Hedwig, R. ; Jobiliong, E. ; Kagawa, K. ; Khumaeni, A. ; Kurniawan, D. P. ; Kurniawan, K. H. ; Lie, T. J. ; Pardede, M. ; Ramli, M. ; Suyanto, H. ; Tija, M. O.
DOUBLE-PULSE; QUANTITATIVE-ANALYSIS; INDUCED PLASMA; DEUTERIUM; ABLATION; CHAMBER; GAS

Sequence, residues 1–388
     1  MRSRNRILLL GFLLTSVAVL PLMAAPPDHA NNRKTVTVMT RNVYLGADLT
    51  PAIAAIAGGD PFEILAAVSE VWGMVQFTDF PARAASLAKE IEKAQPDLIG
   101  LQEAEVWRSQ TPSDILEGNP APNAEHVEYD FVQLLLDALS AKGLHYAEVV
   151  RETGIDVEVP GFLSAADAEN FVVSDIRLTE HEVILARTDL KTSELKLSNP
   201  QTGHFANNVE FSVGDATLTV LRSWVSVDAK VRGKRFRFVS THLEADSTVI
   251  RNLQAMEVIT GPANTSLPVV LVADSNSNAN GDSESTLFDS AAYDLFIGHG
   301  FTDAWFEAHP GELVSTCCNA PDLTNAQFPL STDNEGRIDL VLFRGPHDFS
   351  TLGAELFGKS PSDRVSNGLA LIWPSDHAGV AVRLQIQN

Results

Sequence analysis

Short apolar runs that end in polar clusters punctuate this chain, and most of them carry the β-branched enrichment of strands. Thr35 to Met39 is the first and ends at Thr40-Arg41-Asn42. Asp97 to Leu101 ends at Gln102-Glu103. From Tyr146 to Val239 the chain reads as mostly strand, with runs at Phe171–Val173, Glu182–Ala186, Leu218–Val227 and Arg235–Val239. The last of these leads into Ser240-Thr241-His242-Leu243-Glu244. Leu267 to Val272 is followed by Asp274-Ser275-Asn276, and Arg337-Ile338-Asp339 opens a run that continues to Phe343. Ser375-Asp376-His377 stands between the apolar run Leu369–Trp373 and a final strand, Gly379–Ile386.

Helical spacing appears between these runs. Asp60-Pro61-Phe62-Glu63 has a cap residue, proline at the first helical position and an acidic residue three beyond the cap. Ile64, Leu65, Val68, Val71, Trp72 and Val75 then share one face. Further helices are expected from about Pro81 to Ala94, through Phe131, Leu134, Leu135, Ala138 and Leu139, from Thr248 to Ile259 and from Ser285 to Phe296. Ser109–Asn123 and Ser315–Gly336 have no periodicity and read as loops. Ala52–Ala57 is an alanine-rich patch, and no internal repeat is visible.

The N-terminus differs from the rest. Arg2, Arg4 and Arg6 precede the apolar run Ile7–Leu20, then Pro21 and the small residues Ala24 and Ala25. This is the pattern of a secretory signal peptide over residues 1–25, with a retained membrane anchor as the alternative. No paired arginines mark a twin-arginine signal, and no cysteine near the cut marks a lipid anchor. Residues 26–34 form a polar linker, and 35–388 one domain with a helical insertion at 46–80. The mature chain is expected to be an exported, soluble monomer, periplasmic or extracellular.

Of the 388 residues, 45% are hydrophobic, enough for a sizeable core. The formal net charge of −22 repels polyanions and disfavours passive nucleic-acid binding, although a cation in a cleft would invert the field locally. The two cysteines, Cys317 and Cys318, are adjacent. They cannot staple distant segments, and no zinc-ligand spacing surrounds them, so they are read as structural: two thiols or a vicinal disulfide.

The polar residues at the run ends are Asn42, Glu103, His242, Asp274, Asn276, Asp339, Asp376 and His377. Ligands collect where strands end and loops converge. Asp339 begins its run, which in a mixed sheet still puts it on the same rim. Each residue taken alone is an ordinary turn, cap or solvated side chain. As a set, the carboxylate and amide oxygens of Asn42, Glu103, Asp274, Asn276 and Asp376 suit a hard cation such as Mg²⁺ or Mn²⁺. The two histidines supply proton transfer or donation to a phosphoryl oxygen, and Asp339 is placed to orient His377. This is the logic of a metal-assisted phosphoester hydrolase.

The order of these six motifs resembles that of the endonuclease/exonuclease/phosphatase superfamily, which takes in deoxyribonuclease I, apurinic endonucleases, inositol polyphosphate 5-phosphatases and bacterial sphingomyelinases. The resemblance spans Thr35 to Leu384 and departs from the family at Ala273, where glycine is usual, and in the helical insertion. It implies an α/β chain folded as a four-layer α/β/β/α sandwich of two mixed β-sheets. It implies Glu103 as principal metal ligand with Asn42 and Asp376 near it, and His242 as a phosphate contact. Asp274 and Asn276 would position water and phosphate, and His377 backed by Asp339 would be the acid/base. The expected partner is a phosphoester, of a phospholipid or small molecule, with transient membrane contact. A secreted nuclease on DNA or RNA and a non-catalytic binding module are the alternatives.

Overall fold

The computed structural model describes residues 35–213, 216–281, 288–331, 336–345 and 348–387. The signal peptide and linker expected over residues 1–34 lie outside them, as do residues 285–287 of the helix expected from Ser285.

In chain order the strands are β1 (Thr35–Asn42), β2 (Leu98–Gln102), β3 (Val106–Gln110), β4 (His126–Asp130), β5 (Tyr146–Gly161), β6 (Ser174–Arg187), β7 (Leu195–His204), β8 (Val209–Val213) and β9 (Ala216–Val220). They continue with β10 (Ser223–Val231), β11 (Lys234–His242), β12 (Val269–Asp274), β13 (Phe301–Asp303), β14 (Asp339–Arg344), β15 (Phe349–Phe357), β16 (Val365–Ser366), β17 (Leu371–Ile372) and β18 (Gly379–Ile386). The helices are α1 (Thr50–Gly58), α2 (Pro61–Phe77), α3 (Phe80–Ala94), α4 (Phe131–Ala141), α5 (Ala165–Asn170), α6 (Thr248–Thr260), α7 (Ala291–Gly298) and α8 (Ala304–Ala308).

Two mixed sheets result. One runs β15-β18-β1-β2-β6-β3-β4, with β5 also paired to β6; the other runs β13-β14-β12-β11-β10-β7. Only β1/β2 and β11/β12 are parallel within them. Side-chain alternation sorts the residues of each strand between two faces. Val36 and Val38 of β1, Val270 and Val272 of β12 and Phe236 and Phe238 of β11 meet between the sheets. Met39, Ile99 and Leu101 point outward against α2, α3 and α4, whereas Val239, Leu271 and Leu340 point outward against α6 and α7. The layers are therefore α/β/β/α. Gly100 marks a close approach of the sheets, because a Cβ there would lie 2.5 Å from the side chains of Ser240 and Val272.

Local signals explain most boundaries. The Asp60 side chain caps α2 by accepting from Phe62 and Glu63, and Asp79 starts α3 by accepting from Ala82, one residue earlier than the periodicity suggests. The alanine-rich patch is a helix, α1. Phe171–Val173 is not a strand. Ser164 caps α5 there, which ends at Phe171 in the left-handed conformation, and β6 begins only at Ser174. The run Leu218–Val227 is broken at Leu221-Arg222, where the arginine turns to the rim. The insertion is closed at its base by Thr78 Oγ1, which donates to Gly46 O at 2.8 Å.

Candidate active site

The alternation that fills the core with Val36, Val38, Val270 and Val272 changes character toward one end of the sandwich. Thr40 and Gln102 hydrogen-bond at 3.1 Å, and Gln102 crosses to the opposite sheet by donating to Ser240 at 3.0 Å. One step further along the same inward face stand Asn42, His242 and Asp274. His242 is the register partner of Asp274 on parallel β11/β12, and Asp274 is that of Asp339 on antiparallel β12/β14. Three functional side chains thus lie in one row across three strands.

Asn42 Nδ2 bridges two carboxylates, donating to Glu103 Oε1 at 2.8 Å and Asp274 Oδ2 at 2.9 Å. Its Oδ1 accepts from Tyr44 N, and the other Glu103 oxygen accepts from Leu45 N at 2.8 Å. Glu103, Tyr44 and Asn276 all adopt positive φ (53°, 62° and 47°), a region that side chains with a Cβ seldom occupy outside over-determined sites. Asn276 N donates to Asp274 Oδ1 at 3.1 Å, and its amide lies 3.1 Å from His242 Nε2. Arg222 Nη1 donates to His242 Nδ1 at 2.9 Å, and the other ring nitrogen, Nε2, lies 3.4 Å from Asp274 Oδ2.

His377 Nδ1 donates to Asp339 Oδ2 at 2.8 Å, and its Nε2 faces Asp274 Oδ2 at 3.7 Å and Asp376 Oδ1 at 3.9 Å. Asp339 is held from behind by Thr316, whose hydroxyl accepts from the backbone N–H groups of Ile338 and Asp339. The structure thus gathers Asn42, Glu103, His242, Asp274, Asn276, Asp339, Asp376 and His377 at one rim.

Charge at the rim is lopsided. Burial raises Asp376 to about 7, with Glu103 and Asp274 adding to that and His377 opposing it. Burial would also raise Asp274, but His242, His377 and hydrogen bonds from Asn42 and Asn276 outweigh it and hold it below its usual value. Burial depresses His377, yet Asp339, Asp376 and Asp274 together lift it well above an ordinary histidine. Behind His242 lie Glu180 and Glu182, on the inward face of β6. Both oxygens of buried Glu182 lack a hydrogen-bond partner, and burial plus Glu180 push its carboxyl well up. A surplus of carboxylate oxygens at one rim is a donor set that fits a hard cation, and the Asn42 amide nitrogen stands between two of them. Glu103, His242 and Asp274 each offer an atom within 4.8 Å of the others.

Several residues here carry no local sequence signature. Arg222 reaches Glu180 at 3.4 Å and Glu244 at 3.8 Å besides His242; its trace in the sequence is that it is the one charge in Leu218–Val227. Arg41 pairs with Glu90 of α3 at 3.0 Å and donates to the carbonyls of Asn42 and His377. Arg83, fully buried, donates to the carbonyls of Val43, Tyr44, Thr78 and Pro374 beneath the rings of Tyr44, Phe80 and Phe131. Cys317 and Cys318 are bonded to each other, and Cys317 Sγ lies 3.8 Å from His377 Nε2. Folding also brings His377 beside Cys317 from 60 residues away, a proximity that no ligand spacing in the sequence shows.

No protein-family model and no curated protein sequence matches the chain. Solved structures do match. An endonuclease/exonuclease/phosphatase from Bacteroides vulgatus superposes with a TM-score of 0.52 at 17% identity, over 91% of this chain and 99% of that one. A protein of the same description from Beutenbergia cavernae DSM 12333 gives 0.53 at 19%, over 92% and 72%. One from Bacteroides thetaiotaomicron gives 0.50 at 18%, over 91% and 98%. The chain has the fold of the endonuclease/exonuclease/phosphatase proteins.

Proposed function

An experimental study is conducted in search of the much needed experimental method for practical and minimally destructive analysis of hydrogen (H) and deuterium (D) in a nuclear power plant. For this purpose, a picosecond (ps) Nd:YAG laser is employed and operated with 300-500 mu J output energies in a variety of ambient gases at various gas pressures. The sample chamber used is specially designed small quartz tube with an open end that can be tightly fitted to the sample surface. It is found that ambient Ar gas at reduced pressure of around 0.13 kPa gives the best spectral quality featuring fully resolved H and D emission lines with clearly detectable intensities and practically free from surface water interference. The D emission intensities measured from zircaloy plates containing various concentrations of D impurity are shown to yield a linear calibration line with extrapolated zero intercept, offering its potential application to quantitative analysis. The estimated detection limit of less than 10 ppm is well below the sensitivity limit of around 600 ppm required for the regular inspection of zircaloy tubes in a heavy water nuclear power plant. The use of the exceedingly low laser energy is shown to offer an additional advantage of minimum destructive effect marked by the resulted tiny craters of about 5 mu m diameter with 25 mu m depth. These results promise the potential development of the desired alternative analytical tool for regular in situ and real time inspection of the zircaloy tubes in a heavy water power plant.